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Home >Money >Personal Finance >IDFC MF fumbles, asks for rollover for Opportunity Fund

Despite the recovery in the relevant benchmark indices to all-time highs, mid- and small-cap-tilted mutual funds launched in 2017 continue to bleed. IDFC Equity Opportunity Fund Series 4, one such closed-end scheme, which was launched on 29 December 2017 and is set to mature on 4 January 2021, has delivered a compounded annual growth rate (CAGR) of -11.15% since launch (around -30% cumulatively) as of 25 November, according to data from Value Research. In comparison, the BSE 500 (Total Returns Index) against which the Opportunity fund is benchmarked, however, delivered a CAGR of 5.48% since the fund’s inception and almost 20% cumulatively.

The asset management company (AMC) has written a letter to investors asking for a two-year rollover or extension of the scheme. The letter cited a fall in India’s gross domestic product (GDP) growth as the reason for its lack of performance. However, growth may recover by the second half of FY21 allowing the fund to recover too, the AMC added in the letter. The scheme has assets under management (AUM) of 183.68 crore, as on 18 November.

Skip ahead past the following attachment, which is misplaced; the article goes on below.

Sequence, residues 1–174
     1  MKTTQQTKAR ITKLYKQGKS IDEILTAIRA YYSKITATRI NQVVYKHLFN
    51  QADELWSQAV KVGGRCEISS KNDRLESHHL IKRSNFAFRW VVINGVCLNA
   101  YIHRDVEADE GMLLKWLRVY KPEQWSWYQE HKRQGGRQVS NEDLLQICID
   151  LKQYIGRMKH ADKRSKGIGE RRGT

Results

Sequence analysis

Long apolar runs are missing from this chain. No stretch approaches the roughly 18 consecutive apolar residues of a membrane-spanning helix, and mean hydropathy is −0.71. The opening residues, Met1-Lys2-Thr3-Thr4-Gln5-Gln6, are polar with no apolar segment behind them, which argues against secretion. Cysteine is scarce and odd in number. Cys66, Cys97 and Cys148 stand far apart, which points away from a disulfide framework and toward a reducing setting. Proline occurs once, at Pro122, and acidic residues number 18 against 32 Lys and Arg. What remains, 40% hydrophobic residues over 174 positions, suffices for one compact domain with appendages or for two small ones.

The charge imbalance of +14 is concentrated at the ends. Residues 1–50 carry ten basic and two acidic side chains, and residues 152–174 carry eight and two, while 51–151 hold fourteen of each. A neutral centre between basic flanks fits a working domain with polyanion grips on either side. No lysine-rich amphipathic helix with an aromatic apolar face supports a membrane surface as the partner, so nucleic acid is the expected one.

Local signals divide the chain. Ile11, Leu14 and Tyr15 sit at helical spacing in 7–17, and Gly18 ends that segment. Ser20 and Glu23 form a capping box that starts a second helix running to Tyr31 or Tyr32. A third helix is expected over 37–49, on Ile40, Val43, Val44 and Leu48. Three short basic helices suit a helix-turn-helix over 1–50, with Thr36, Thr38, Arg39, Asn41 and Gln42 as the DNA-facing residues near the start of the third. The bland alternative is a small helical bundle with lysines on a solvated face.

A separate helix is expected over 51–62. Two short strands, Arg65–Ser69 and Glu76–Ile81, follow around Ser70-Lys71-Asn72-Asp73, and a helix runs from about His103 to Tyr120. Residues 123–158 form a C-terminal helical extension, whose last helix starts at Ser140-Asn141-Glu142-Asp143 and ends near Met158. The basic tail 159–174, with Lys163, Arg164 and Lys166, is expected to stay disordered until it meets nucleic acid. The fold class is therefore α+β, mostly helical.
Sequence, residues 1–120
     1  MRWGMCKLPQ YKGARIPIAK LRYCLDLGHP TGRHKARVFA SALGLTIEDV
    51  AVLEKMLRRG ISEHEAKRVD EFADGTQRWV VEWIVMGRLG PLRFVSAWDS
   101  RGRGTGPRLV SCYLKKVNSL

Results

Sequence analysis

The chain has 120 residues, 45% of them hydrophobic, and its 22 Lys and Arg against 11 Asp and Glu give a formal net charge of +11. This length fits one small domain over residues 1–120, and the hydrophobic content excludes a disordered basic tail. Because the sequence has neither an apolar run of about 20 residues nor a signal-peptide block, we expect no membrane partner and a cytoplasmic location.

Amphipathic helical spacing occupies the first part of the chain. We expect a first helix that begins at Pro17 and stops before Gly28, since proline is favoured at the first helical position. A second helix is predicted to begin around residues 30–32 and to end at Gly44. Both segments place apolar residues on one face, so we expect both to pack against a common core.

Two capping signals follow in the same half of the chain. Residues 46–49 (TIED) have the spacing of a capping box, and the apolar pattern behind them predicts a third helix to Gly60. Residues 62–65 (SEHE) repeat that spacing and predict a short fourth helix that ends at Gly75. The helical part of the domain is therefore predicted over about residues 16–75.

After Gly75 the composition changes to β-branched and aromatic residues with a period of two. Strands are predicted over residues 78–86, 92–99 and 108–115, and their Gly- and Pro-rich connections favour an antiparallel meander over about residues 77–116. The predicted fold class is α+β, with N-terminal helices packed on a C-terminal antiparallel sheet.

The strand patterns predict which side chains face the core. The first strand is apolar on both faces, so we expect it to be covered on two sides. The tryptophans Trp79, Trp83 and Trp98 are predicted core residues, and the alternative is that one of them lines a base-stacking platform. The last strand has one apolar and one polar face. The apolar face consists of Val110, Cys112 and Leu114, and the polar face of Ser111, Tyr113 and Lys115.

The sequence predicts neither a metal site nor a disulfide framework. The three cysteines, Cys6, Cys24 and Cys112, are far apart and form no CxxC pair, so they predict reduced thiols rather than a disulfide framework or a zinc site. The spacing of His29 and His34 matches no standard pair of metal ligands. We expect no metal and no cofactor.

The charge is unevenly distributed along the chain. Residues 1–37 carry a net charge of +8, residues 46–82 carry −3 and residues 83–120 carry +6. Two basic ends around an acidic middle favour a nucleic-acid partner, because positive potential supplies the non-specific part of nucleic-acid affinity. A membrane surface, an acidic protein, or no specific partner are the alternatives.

“The country’s GDP growth which was 7-8% at the time of fund launch in December 2017 unfortunately fell to 4-5% growth over CY18-19 before coming to a grinding halt in March-May 2020, resulting in GDP contraction for CY20. Also, (the Reserve Bank of India’s) monetary policy from January 2018 till March 2020 has been neutral to tight. This has impacted the smaller companies within the portfolio, as the small-cap segment had seen multiple contraction during the same period. The above impacted the performance of the fund in tandem with the sectoral index," IDFC Mutual Fund said in an emailed response to Mint. The BSE 500 (TRI)’s performance, however, is in the positive territory, in the corrsponding period, as mentioned earlier in the story.

The AMC went on to outline reasons for being positive on the future trajectory of the fund, including festive season helping stimulate demand, the third and fourth quarters being strong execution quarters for infrastructure companies, pent up pipeline of projects and the possibility of any success in the discovery of a covid-19 vaccine.

“Moreover, India, thankfully, has appeared to be on a different trajectory regarding covid-19 cases as compared to the US and Europe. This has further boosted hopes for a quicker recovery to pre-pandemic levels than was being forecasted a quarter ago," IDFC MF’s email to Mint added.

However, experts suggest a cautious approach while investing in closed-end schemes, particularly when valuations are stretched.

“The starting valuations of the fund matter a great deal. Mid- and small-cap valuations were highly stretched in late 2017. Also, investors should avoid closed-end funds unless they are completely unable to control their own behaviour with open-ended funds. If you are invested in this fund and are being offered the chance of a rollover, do not take it. You will be able to find better opportunities elsewhere," said Amol Joshi, founder, Plan Rupee Investment Services, a mutual fund distributor.

If you are an existing investor, consult your adviser before you make any decision.

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